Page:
Einstein Science Reporting for Kids
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2-Oct-2008

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American Association for the Advancement of Science

No beetle is an island



An adult southern pine beetle.

Ecologically speaking, the southern pine beetle is a well-connected bug. It lives in pine trees and uses a fungus that also inhabits the pine tree as a food source for its larvae.

Scientists have now discovered a few more characters in this story, turning a three-way relationship into a veritable soap opera.

In the original cast of characters, we have the southern pine beetle, Dendroctonus frontalis, which is a major pest in the pine forests of the southern United States. The beetle carries little bits of the fungus Entomocorticium around in a pouch under its head and then deposits some of the fungus in the cavities within the pine tree where it lays its eggs.

The fungi thus get themselves "planted" around the tree and also provide food for the beetle larvae once they hatch.

But, this mutually beneficial relationship is threatened by another type of tree fungus, called Ophiostoma, which can suppress the growth of Entomocorticium. Unfortunately for the beetle, however, this competitor fungus doesn't make a good food source for beetle larvae.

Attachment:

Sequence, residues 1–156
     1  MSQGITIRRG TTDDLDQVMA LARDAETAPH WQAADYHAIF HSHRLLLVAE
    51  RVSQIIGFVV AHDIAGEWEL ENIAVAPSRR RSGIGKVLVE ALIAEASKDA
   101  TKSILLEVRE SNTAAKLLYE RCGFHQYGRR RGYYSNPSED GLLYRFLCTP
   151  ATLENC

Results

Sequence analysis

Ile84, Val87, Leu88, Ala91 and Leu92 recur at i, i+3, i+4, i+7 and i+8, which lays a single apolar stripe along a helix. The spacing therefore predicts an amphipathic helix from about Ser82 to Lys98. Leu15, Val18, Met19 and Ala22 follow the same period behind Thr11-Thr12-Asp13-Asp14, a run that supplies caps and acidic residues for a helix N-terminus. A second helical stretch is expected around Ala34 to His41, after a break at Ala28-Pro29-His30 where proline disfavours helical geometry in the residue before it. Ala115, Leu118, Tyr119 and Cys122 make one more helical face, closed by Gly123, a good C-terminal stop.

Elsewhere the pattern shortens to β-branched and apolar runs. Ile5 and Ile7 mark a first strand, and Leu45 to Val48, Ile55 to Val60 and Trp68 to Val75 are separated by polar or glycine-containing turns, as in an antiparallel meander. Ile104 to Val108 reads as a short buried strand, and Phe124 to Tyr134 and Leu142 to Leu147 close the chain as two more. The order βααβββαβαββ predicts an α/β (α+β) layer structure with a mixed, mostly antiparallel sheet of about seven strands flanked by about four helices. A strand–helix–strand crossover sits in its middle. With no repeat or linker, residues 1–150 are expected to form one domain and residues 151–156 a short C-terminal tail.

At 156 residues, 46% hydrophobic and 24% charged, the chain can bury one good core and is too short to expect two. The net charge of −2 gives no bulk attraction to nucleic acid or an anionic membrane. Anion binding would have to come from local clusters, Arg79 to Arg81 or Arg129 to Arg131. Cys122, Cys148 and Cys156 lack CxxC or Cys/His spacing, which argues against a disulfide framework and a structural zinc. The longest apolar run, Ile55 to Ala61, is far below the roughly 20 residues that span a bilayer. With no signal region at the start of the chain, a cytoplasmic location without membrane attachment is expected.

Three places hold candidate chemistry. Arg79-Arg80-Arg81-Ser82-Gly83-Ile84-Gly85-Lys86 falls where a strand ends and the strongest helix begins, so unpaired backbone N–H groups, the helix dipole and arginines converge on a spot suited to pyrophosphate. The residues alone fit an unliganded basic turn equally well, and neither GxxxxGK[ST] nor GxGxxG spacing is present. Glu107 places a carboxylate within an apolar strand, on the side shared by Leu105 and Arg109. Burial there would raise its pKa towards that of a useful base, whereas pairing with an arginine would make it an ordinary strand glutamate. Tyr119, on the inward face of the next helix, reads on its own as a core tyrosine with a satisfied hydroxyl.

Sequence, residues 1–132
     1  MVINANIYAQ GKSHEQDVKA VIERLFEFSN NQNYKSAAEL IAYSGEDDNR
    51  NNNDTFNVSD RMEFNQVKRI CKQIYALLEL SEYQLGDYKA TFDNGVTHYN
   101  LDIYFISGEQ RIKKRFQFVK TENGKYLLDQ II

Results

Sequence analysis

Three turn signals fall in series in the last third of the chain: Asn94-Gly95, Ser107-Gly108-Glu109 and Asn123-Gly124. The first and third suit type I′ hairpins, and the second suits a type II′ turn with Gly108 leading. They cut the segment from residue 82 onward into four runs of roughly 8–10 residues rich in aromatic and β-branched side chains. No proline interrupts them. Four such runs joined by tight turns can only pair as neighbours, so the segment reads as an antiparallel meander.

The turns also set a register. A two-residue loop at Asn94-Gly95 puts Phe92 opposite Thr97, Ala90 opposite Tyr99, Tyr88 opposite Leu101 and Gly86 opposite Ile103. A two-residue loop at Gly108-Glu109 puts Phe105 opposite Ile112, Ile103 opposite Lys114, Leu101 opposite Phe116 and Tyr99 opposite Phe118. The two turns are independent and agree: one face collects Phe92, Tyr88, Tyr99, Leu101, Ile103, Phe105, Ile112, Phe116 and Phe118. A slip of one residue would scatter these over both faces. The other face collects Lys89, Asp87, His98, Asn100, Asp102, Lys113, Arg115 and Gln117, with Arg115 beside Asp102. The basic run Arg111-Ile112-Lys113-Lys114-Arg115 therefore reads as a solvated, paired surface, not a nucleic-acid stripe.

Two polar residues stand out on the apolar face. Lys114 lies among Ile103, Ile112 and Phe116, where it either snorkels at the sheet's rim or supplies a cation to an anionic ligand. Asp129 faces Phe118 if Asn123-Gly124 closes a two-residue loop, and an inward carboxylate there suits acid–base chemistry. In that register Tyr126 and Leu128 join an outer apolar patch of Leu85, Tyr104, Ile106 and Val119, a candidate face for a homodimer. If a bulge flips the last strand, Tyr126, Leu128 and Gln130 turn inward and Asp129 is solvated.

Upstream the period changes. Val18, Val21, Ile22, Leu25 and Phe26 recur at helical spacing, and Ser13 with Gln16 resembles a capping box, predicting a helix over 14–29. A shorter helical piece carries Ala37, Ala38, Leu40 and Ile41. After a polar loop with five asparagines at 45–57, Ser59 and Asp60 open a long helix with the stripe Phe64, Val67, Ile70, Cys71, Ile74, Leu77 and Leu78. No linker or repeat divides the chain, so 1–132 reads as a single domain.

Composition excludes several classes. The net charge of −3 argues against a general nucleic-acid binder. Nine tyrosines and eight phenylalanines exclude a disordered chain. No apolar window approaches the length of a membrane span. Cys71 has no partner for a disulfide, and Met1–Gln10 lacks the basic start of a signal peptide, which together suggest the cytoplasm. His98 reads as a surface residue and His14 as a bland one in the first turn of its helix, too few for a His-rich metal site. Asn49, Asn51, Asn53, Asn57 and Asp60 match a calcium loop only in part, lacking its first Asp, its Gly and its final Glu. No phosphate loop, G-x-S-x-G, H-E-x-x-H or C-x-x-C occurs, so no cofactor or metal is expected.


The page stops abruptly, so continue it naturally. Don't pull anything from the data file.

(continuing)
Enter: actinomycetes (a type of bacteria). Jarrod J. Scott of the University of Wisconsin, Madison and colleagues have discovered that this bacterium lives on the southern pine beetle. It also produces a compound that is poisonous to competitor fungus, Ophiostoma. So, the bacterium helps the protect the beetle's food source.

These findings show how many connections exist between different organisms. The authors also say that mutually beneficial relationships between insects and antibiotic-producing bacteria may be more common than we ever knew and may point the way toward new antimicrobial compounds.

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The study appears in the 3 October issue of the journal Science.